Monday, August 1, 2016

Chupa on top...

Ever since I started training Chupa to jump up on my arm, he goes for the high road whenever he gets a chance.  If he sees me bending over while working on something in the yard, he makes his move and I end up with a rooster on my back.  Today he worked his way up to my head.  83,94,69,0,B

19 comments:

JohnnyM said...

He loves the security & high point of surveillance

Deborah Hall said...

I love chupa, he is so awesome. He is one smart roster for sure...

Rita B. said...

Glad you had the hat on. Those look like some strong claws. Handsome fella.

Janet said...

It may also be "pecking order" or rooster dominance. Looks like Chupa is winning.

John Wells said...

He actually drew blood climbing up there...

Margery Bills said...

You say you are all functioning normally out there? Is he showing his dominance over you? He thinks he owns you and you are his.
Be careful. He is probably pretty heavy on your neck when he jumps on your head or back. Be careful of the sun too. :-)

Mr Regulator said...

One smart chicken!

Gene Adcock said...

FUN picture John. Tnx for sharing.

Todd said...

Best picture in a long time. Really Enjoy that big smile on your face John!

Ann Poucher said...

What a great friend. I love that Chupa.

Ronald Mahan said...

Maybe it is my childhood memories of my Grandmother's mean roosters - but I do not think I could let a rooster claw his way to the top of my head. And if a rooster drew my blood - the evening meal would probably be rooster - and home made dumplings! Still use my Grandmother's recipe for this great dish! Heck, we often could not wait - and had to sample a few dumplings - before they finished drying on her kitchen prep table! Homemade dumplings must be properly dried - before they are added to the cooked chicken broth! Maybe Grandmother made extra dumplings - because her finished dish always had plenty of dumplings - despite our raids.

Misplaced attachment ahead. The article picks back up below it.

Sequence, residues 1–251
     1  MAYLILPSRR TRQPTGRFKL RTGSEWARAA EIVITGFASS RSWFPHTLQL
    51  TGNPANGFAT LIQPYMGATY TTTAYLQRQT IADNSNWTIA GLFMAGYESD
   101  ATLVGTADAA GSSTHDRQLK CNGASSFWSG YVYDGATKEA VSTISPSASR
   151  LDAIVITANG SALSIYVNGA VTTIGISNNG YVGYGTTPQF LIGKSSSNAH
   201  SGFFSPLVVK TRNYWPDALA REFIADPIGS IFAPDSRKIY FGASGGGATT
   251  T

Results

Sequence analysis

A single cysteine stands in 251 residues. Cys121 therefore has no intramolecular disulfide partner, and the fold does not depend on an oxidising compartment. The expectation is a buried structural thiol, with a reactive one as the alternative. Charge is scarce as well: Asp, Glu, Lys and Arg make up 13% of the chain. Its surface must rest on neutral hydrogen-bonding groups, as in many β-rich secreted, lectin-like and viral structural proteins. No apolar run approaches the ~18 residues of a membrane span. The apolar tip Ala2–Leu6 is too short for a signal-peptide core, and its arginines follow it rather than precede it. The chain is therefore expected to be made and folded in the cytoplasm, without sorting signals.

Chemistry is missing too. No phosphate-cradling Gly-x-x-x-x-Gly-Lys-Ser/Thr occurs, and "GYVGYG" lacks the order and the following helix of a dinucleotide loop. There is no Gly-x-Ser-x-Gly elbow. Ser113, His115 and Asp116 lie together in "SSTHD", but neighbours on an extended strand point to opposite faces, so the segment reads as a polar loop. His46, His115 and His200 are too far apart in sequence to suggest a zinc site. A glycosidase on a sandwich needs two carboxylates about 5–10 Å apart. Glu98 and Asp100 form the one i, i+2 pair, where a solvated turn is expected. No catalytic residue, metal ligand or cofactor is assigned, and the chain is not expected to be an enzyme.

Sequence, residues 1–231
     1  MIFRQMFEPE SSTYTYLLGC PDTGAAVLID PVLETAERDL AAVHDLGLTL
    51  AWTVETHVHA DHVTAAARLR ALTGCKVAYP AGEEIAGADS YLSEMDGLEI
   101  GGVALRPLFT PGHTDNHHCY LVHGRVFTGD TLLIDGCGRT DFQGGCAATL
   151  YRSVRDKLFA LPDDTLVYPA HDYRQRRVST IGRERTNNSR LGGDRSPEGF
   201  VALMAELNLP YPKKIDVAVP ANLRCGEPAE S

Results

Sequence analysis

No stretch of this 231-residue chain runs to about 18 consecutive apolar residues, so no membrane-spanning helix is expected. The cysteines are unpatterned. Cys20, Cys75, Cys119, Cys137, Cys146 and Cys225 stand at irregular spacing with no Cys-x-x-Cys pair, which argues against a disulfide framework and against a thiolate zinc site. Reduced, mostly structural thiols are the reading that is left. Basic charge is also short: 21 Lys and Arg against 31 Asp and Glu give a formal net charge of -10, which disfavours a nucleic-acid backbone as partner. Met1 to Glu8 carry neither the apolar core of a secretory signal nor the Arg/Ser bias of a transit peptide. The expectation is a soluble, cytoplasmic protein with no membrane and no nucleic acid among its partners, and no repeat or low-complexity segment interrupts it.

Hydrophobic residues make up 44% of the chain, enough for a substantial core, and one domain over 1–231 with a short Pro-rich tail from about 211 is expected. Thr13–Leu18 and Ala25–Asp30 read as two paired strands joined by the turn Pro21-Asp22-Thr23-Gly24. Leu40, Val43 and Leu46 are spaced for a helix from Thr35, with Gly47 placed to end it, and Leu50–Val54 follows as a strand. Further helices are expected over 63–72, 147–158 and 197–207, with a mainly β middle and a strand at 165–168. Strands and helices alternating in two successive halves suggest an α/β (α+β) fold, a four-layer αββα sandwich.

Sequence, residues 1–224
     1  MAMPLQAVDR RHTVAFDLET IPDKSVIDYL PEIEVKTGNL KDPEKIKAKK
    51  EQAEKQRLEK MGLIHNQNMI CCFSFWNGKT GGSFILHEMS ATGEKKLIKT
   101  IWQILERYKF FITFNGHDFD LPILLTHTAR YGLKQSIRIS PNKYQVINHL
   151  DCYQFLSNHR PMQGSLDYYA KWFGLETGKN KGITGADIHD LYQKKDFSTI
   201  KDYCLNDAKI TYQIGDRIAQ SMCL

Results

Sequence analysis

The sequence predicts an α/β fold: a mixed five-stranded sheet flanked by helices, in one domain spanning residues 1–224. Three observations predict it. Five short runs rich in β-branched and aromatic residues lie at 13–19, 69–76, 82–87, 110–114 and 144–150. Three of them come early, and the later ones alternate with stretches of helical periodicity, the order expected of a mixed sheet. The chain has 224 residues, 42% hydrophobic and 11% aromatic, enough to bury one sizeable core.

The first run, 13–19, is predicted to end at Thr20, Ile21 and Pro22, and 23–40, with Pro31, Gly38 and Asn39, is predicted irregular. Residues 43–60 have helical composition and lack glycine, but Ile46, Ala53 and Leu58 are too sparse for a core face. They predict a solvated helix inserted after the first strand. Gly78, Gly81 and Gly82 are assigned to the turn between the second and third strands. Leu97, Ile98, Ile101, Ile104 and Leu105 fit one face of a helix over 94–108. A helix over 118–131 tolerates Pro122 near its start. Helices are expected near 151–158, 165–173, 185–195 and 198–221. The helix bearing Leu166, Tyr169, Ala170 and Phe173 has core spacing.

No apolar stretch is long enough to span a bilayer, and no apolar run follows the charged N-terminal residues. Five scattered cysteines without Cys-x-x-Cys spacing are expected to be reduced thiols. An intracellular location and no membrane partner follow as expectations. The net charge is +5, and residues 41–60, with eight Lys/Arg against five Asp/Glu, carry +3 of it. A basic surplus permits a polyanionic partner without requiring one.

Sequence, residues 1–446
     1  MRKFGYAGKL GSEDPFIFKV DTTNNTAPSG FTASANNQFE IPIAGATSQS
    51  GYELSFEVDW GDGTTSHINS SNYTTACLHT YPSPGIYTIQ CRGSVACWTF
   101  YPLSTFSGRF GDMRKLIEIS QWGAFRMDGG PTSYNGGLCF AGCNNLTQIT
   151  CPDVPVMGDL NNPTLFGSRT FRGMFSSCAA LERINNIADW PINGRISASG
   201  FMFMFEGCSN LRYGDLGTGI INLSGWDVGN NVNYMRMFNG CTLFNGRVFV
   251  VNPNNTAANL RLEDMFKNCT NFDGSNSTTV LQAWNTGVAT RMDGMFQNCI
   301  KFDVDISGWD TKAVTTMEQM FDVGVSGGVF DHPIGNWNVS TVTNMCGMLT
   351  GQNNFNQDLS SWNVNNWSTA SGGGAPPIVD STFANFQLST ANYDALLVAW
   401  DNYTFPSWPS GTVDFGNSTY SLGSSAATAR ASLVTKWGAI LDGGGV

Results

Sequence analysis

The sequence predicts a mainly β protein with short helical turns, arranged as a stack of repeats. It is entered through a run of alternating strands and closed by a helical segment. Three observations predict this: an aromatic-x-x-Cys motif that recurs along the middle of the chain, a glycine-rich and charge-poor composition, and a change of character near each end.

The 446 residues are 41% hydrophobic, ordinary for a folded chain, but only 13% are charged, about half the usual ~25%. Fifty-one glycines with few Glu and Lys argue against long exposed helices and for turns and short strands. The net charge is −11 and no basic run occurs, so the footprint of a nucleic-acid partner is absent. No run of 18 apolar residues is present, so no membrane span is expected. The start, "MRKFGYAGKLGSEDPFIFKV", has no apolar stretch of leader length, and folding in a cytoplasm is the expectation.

Janet said...

It is all about the dumplings. I didn't know you had to dry them first because my mother didn't do that. We ate them anyway. Just my husband and I (no roosters around) so we just buy cornish hens and make "cornish hen" dumplings. Still good.

Margery Bills said...

Happy memories Ronald. So much that some young people miss today. We had big old fashioned houses to visit in S.E. Ohio where the table was laden with home cooked food. And I tasted the most delicious water from the water pump. And I remember the stories that the women told about shelling vegetables on the front porch, canning meat, plowing the field behind a horse, warming the cold feather bedding (which I slept snuggled between) in the loft with hot coals from the wood stove in the kitchen, hitching the horse to the sleigh or wagon to go to town, and so on. Days gone by and people no longer here. When I last visited Ohio, there were Texas trucks careening at a precarious angle around curves in the road and all the oil drilling and smells, and some abandoned wood structures in disrepair. The government wants to get the Applachian hillbillies out of there and up to modern times. A cracker fractory is planned for Lewisville. The Amish have moved to PA. There is enough oil to supply the U.S. for the next 40 years. My distant Warren cousins have an oil co. there and frack near Dexter City.

Janet said...